Conserving the Trophèe ďArmes
The Trophèe ďArmes that sits atop the sally port of Fort Jay is one of the most distinctive features of the fortification, and one of the oldest American carved stone monuments anywhere in the country. Carved in the 1790s from red sandstone, the statue is rich in symbolism, with a large number of objects arrayed around the central, one-winged eagle: three flags and a bundle of sticks jut out upwards behind the eagle, while a mortar and cannon point outwards to the left and right. Around the work are various types of artillery shot, and the eagle clutches in its talons a shield bearing a dawning sun.
Some symbols are common enough: Fort Jay protected New York Harbor throughout the 19th century by way of the artillery mounted behind its walls, explaining the guns and shot present in the sculpture. The flags and the eagle are well-known symbols of the United States of America. More obscure, however, is the bundle of sticks protruding from behind the eagle, topped by a cap. The bundle, called a fasces, was a representation of the early United States, and the cap atop the bundle is a Liberty Cap, a garment worn by the famous Sons of Liberty, a patriotic organization during the American Revolution.
Michael J. O’Donnell and J. Duncan Campbell
The sculpture appears to draw many of its elements from a shoulder plate worn by some New York State artillerymen at the turn of the 19th century. Fort Jay was owned and operated by New York State and its militia, rather than the Federal government in its earliest days, which explains the connection. The shield the eagle holds shows a sun rising over three mountains, still a symbol of New York State that is visible in the state's modern Great Seal.
Because of the fragile sandstone used in the work, the sculpture has not always looked precisely as it does today. The earliest known photograph of the sculpture, taken in 1864, shows both of the eagle's wings missing, as well as one of the flags. It is unknown whether these elements fell off between the sculpture's construction and the date of the photograph, or whether they were simply never completed. A photograph taken in 1913 is the first to show the statue after significant work had been done, adding two wings to the eagle and completing the four flags behind it.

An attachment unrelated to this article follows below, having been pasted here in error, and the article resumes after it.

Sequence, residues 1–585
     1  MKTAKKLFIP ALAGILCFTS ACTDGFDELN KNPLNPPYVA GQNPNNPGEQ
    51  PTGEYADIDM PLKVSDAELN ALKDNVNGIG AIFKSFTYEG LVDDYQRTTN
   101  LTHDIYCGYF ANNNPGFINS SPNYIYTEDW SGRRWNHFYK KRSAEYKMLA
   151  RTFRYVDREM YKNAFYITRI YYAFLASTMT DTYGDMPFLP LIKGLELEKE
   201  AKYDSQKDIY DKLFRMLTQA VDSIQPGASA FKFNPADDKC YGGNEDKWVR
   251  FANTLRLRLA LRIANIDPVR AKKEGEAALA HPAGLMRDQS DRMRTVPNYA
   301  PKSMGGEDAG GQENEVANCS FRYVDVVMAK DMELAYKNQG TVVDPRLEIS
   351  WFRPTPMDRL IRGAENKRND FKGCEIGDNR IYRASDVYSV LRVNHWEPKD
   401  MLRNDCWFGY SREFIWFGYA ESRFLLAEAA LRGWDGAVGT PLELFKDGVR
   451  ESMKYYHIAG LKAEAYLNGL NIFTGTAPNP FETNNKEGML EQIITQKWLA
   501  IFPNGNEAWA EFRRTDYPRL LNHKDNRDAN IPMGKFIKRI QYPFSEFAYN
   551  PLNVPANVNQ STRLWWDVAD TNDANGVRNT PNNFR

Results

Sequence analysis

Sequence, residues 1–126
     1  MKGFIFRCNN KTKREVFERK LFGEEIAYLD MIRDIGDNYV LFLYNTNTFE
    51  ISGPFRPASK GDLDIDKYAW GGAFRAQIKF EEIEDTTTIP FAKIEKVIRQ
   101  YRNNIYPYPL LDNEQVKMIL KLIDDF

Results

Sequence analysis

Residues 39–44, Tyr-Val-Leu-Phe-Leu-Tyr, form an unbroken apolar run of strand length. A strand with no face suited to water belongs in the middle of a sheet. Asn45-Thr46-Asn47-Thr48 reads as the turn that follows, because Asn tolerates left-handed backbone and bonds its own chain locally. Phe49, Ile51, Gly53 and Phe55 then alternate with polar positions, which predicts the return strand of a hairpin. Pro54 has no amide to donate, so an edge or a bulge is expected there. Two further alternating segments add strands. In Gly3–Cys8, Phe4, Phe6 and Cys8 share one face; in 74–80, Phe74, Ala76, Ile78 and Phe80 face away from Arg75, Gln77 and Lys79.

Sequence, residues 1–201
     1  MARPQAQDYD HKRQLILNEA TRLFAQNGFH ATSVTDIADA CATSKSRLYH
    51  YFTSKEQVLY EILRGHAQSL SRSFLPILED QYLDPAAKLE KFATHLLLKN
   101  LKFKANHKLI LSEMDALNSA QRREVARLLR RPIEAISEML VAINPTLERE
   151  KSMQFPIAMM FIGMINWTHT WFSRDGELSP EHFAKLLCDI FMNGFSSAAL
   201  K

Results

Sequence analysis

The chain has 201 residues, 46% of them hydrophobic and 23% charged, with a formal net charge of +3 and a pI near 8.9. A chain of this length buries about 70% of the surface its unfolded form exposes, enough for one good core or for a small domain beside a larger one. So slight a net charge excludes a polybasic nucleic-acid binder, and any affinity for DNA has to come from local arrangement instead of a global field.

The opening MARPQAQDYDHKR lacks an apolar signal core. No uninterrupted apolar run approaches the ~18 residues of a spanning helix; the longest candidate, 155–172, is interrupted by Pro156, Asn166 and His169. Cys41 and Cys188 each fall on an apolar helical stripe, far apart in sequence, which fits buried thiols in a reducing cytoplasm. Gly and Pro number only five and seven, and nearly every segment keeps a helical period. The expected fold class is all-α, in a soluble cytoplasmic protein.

Today, the National Park Service and its partners have done extensive work to analyze the condition of the Trophee d'Armes, and have considered how best to preserve it. Most recently, in late September, a group of experts assembled at Governors Island National Monument for a two-day charrette, or brainstorming session, to discuss strategies for preservation including possible removal to a building on the island, to protect the sculpture from the elements. It was decided that removal would likely harm the statue further, and that keeping it in place over the sally port, which also needs care, and carefully repairing and restoring both is the best course. This way, the sculpture will remain atop the sally port as it has stood for over 200 years, to be enjoyed by visitors, as the National Park Service and its conservation partners continue their work to preserve this artwork of inestimable value.
Did You Know?
Henry “Hap” Arnold (1886-1950), a founding father of the modern U.S. Air Force, got the itch to fly while a second lieutenant in the infantry at Fort Jay in 1909, watching biplanes take off and land on Governors Island. His commanding officer told him that he knew of no better way to commit suicide. In 1911, he learned to fly with the Wright brothers and would go on to become the first five-star general of the Army Air Corps and the first and only five star general of the U.S. Air Force.